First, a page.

The superhero prom photo proving geek culture is cool, the rise of fangirl content, and how the New York Times will soon be delivering more than news. Don’t miss those stories, and more trends and info on young consumers!
Our recent research for Imgur revealed that Millennials have embraced being geeky. While Boomers and Xers might have seen geekiness as embarrassing, 82% of Millennials say the geek label isn’t a bad thing. Today, Millennial Geeks are influencing their peers, spreading trends, and fueling pop culture obsessions. Don’t miss this viral prom photo turned meme that illustrates the new definition of geek. The high school students came up with the idea for the coordinating superhero shot, and the picture has been shared hundreds of thousands of times. The photographer tells BuzzFeed, “They’re just teenage kids and they thought it was cool.”
Brands might be missing a big opportunity to provide fandoms the fashions they want, and our research has found that 58% of 13-33-year-olds in a fandom have purchased something only because it was related to their fandom. Don’t miss how some brands are now catering to the “radically underserved” fangirl demographic. In March, female-led comic Black Widow was number 15 on the list of the 100 best-selling comic books, and about 40% of opening weekend audiences for comic book films were female. After years of Millennials fighting for more superwomen, female characters are now “coming front and center,” which means even more demand for products from female fans.
Millennials are taking over the grocery store—and it may never be the same. Since they’re in control of shopping carts, we asked 1000 13-33-year-olds to tell us their favorite food brands, and why they like them. Our most recent monthly survey data also revealed that 15% of 18-33-year-olds shop for groceries at Whole Foods at least once a month. Don’t miss how the wellness-focused food retailer is counting on Millennials to help them out of a sales slump. Profits have fallen for the brand for three quarters, but they’re staying optimistic as they prepare for the May 25th launch of their Millennial-focused stores with more affordable foods, in-store fast casual restaurants, and quicker checkouts.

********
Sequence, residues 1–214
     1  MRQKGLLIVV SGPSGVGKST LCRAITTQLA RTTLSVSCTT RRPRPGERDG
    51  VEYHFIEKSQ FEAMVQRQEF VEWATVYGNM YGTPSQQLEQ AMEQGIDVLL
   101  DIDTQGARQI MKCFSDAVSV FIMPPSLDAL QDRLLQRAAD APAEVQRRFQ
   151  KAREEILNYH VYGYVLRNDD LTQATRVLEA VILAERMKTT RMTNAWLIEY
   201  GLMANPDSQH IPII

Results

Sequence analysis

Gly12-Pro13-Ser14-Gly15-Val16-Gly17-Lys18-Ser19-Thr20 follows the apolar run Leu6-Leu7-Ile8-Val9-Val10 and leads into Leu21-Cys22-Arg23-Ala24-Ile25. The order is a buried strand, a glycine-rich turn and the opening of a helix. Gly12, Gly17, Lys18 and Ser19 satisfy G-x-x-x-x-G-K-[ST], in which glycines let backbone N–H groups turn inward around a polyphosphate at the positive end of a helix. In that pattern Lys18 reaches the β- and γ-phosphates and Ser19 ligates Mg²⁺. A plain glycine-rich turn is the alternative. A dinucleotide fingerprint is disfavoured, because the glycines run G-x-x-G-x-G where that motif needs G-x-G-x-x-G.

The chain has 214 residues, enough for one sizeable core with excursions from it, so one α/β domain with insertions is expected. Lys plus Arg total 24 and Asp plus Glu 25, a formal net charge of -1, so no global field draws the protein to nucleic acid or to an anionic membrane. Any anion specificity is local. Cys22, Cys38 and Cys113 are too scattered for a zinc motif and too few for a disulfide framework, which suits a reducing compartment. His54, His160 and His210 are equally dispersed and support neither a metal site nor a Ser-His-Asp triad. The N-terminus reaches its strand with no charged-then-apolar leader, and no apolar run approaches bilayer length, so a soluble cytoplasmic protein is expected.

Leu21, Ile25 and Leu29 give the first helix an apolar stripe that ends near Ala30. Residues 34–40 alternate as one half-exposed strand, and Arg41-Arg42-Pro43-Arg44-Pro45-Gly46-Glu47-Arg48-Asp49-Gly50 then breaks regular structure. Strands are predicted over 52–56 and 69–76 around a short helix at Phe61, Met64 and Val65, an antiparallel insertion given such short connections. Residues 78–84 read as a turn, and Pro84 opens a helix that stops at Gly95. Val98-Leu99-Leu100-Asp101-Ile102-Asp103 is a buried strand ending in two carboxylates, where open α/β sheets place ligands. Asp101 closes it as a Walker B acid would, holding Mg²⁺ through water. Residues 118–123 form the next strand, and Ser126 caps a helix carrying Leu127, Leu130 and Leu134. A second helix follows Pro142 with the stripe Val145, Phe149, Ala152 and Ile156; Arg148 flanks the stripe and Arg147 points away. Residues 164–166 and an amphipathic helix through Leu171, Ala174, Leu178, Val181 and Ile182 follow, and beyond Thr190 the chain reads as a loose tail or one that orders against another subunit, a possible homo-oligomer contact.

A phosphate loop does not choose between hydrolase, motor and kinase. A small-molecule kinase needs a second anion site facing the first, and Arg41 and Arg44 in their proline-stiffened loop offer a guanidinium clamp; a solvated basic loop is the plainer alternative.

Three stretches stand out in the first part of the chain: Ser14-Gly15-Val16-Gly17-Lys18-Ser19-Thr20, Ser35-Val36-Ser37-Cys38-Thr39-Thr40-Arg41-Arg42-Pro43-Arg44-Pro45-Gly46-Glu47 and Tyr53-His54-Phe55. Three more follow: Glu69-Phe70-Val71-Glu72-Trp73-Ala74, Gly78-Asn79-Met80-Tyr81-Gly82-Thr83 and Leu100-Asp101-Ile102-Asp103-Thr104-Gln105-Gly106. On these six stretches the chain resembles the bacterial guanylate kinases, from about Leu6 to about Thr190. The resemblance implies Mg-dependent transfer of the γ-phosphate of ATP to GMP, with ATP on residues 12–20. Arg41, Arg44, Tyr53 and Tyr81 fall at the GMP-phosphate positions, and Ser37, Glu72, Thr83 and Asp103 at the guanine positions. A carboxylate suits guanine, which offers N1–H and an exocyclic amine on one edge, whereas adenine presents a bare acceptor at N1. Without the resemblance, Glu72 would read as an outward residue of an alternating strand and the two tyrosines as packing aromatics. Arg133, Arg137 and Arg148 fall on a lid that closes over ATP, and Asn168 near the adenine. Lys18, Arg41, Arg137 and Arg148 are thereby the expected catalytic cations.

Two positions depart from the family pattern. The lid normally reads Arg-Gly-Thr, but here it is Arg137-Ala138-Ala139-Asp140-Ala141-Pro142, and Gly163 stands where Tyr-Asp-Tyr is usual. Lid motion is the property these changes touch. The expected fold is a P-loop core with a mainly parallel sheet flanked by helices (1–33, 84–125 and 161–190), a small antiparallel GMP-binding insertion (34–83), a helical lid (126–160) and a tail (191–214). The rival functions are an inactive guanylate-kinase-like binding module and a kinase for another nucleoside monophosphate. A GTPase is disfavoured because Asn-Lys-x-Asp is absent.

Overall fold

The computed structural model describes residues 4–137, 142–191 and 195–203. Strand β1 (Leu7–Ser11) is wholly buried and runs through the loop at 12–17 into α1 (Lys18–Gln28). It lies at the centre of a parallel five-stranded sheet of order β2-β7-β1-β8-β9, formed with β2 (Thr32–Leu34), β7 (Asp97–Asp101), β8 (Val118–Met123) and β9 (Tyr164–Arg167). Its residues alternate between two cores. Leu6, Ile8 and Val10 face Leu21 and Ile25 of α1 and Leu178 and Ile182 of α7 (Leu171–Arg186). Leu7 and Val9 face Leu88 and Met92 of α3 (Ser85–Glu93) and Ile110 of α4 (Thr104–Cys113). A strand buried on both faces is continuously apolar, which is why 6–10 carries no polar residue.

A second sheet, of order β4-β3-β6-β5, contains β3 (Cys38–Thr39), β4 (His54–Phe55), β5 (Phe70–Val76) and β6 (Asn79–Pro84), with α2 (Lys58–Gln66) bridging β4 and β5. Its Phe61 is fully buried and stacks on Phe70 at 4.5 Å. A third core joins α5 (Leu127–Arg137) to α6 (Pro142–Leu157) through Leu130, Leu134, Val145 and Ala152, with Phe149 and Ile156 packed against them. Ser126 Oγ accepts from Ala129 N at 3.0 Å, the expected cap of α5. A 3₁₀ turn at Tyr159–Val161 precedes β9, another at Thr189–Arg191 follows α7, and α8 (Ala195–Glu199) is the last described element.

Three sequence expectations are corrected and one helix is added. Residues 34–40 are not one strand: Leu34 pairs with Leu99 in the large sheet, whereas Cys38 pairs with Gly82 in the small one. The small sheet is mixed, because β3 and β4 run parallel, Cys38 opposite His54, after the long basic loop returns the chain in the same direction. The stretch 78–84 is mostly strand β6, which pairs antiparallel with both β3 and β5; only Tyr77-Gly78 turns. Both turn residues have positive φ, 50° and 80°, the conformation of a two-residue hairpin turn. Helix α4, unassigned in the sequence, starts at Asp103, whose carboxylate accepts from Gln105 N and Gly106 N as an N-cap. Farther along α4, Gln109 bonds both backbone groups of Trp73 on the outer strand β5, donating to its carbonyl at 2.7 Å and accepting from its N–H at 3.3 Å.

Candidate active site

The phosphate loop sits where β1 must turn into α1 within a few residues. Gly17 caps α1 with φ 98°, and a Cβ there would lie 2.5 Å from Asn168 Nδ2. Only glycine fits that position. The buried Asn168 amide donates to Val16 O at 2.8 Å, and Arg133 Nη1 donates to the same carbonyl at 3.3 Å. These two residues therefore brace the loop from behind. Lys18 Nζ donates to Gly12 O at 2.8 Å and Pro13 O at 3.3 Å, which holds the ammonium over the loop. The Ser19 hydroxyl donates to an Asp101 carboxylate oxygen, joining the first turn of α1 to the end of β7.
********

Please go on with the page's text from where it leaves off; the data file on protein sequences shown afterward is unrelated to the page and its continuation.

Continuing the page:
Food delivery is “the biggest trend in food business.” Google, Amazon, Bite Squad, Door Dash, Lish, Caviar, Grub Hub, Plated, Blue Apron—all of these companies and more are battling to get young consumers to order their food on-demand and meal kit delivery services. Don’t miss a new, surprising brand joining the food delivery fray: The New York Times. This summer the paper is partnering with food startup Chef’d to send subscribers ingredients from recipes pulled from the NYT Cooking site and app, within 48 hours.
Young consumers are more sensitive than ever to advertisements, and services are making it easier to skip over commercials, making product placement perhaps more crucial than ever. Don’t miss The National Association of Realtors’ integration into primetime to “speak to Millennials.” In spots airing before and after the latest Modern Family episode, Phil Dunphy, a dad on the show who works as a relator, comically speaks about his “real estate-themed ‘Phil’s-osophies.’” According to one of the show’s producers, unlike other “intrusive” integrations, this was easier (and more natural) since it “lent itself to a joke.”